The EU global strategy released in June 2016 has devised a smart way forward to overcome the dichotomy between democracy and stability that has tended to bedevil the EU’s approach to its neighborhood. By devising the new notion of resilience, the strategy should allow European policymakers to move beyond this flawed binary view. But to be effective in practice, this conceptual shift must be much more closely defined.

For long the EU had been accused of promoting stability rather than democracy in its relations with political leaders in its neighborhood. This approach meant prioritizing formal engagement with these states, including the continuation of trade privileges and financial assistance, despite a lack of progress on democratic standards. The argument was that the EU could not afford for these countries to be exposed to growing instability as it would immediately affect the safety and security of EU members. Of particular concern was migration.

Sinan Ülgen
Ülgen is a senior fellow at Carnegie Europe in Brussels, where his research focuses on Turkish foreign policy, nuclear policy, cyberpolicy, and transatlantic relations.
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A brief window of optimism was ushered in by the onset of an ill-fated Arab Spring. To the extent that these societal dynamics would move the Southern neighborhood countries toward better democratic standards, the EU could finally move away from its untenable position of protecting stability and advancing democracy at the same time.

To be fair, the EU was not the only international actor that had eventually decided to implement a policy based on diplomatic realism. The United States was perhaps even more firmly in this unenviable position. And just like the EU, the United States espoused the optimism of the Arab Spring to declare that it would henceforth support democracy regardless of its potential impact on the short-term stability of partner nations. The stability vs. democracy conundrum was a false one—or at least, so went the argument.

The optimism was to be short-lived. The failure of democratic advances in most of the Arab Spring countries has once again exposed Western nations to a stark reality of how little scope there was for short-term, top-down gains on the democracy front. Democracy promotion will be a generational affair. In the meantime, the cause of stability made a rather flashy return with the refugee crisis, which has singularly focused the minds of European policymakers on the consequences of losing stability in the near neighborhood.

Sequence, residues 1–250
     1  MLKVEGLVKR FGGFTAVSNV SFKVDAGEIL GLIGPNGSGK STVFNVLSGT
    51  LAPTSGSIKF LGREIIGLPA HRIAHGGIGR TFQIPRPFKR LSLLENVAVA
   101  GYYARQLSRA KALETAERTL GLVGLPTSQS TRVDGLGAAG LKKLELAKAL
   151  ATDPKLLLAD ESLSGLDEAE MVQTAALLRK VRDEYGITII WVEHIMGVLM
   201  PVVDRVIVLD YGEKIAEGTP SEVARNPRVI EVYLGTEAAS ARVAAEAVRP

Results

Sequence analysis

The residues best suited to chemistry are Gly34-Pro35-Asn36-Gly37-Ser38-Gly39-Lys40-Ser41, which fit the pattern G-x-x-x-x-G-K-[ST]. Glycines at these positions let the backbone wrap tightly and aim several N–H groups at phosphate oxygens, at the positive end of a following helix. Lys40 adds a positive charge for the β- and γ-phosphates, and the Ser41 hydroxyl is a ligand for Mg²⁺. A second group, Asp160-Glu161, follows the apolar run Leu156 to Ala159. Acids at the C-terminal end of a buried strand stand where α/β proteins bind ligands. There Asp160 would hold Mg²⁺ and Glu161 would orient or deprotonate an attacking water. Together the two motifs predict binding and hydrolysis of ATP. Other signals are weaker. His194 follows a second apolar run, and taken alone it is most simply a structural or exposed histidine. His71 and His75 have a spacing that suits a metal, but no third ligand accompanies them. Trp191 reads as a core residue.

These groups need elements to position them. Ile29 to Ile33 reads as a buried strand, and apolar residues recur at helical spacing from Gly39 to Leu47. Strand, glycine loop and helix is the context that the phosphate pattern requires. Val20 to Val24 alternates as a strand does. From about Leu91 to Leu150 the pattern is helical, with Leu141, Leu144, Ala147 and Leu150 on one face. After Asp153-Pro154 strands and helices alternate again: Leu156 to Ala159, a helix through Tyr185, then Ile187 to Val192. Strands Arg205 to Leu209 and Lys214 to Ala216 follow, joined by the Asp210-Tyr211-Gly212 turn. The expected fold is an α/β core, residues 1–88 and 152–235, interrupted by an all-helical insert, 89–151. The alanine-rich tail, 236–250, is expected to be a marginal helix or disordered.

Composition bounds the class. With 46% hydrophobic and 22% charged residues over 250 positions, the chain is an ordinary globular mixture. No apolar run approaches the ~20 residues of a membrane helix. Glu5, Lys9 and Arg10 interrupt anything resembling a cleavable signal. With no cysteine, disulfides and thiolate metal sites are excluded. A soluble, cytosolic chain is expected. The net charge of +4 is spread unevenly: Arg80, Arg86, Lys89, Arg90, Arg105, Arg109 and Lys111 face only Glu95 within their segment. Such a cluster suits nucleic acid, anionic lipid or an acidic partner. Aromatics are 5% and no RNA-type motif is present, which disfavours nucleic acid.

The new EU global strategy seems to have firmly taken stock of the end of this era of democratic optimism with its “back to the future” implications for Europe’s engagement with its neighborhood. Indeed, Europe seemed in danger of going back to the perennial stability vs. democracy dichotomy.

This is where the global strategy breaks new ground, by defining and introducing the concept of resilience. The strategy defines resilience as “the ability of states and societies to reform, thus withstanding and recovering from internal and external crises.” The strategy underlines that “resilience is a broader concept, encompassing all individuals and the whole of society. A resilient society featuring democracy, trust in institutions, and sustainable development lies at the heart of a resilient state.”

This concept can allow EU policymakers to sidestep the inconclusive and eventually counterproductive argument about the balance between stability and democracy. The introduction of third-party resilience as a guiding principle of EU external action should be welcomed as conceptual leap that should help streamline the EU’s philosophy of engagement with its close neighborhood.

Yet as with all conceptual advances, this novelty should and will trigger a debate on its practical aspects. How will this goal shape the design and implementation of EU external policies? The threat is too wide an interpretation of resilience as an engagement strategy. Indeed, with some imagination, every bit of EU action in the future can be claimed to serve the cause of resilience. All the more so because resilience is viewed as an overarching framework that includes states, civil society, and even individuals.

In that sense, the embraced aim of resilience can lead to a blurring of goals. In the past, when democracy building was a priority aim of the EU’s engagement strategy, it was relatively easier to classify and therefore decide on policies. It was clear, for instance, that to be granted more advanced trading, privileged partner nations would be asked to demonstrate their commitment to democratic reforms.

Now, with resilience, such decisions may be less clear-cut. Can a new and more ambitious trade agreement with a democratically regressive regime be defended on the grounds that it will advance the resilience of the partner society? Some difficult questions now await European policymakers, who will have to define in more concrete terms the implications of this conceptual leap.